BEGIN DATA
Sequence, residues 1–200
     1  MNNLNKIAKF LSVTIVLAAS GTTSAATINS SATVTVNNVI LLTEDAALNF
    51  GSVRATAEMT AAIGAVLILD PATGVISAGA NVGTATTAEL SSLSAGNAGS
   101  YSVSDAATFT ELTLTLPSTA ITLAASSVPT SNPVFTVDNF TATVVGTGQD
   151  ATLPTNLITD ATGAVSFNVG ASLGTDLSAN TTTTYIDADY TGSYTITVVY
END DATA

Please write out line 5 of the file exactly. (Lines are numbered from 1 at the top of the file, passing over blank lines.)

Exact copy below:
   151  ATLPTNLITD ATGAVSFNVG ASLGTDLSAN TTTTYIDADY TGSYTITVVY